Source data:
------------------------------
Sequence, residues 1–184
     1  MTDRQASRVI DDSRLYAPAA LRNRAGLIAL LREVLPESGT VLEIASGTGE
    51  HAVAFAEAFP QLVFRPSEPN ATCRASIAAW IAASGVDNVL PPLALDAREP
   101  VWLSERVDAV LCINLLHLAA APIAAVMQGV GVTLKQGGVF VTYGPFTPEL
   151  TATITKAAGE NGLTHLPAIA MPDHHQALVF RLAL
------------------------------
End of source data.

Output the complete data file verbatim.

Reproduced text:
Sequence, residues 1–184
     1  MTDRQASRVI DDSRLYAPAA LRNRAGLIAL LREVLPESGT VLEIASGTGE
    51  HAVAFAEAFP QLVFRPSEPN ATCRASIAAW IAASGVDNVL PPLALDAREP
   101  VWLSERVDAV LCINLLHLAA APIAAVMQGV GVTLKQGGVF VTYGPFTPEL
   151  TATITKAAGE NGLTHLPAIA MPDHHQALVF RLAL